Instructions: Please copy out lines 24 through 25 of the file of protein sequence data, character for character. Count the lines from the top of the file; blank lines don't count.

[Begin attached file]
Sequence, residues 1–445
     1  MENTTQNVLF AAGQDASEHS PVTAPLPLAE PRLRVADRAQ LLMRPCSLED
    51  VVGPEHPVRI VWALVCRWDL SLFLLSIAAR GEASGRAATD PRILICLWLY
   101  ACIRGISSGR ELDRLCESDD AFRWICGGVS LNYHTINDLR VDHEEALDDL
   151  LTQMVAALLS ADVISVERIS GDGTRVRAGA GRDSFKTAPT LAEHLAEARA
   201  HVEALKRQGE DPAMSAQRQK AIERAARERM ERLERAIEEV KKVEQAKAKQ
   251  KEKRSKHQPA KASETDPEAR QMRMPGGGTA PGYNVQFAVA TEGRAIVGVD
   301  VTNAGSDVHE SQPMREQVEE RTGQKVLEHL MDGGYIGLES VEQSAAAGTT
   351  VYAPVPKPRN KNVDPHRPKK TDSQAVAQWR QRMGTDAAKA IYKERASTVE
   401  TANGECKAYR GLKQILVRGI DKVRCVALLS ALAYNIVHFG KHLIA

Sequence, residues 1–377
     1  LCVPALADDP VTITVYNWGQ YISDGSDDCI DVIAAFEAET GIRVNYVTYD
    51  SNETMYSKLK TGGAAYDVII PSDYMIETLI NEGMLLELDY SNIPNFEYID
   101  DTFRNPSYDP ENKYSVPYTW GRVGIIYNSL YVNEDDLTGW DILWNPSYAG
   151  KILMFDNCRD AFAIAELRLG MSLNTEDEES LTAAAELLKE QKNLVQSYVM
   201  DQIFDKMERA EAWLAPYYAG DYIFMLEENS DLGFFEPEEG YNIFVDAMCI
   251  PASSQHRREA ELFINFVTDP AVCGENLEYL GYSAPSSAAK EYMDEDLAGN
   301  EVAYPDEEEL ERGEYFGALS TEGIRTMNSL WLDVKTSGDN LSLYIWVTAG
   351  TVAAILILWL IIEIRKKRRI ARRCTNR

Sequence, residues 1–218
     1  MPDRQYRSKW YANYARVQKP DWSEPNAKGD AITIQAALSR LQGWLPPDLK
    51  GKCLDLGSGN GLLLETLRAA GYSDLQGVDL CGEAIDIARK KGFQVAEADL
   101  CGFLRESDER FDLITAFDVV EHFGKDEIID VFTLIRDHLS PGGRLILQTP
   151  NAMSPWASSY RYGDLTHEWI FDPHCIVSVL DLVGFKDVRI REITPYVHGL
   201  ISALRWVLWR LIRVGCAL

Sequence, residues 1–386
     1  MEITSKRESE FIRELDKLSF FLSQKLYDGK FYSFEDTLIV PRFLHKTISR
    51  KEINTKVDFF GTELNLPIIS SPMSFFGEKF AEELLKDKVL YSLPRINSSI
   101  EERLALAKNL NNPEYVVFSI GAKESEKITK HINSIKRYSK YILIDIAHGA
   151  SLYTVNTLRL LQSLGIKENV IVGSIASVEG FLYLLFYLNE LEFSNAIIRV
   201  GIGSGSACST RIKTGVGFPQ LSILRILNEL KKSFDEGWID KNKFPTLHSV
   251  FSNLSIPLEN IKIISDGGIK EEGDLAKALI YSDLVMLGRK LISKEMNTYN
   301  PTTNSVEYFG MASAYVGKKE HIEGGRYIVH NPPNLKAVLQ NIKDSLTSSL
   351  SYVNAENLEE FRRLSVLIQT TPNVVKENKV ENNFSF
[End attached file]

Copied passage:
   151  NAMSPWASSY RYGDLTHEWI FDPHCIVSVL DLVGFKDVRI REITPYVHGL
   201  ISALRWVLWR LIRVGCAL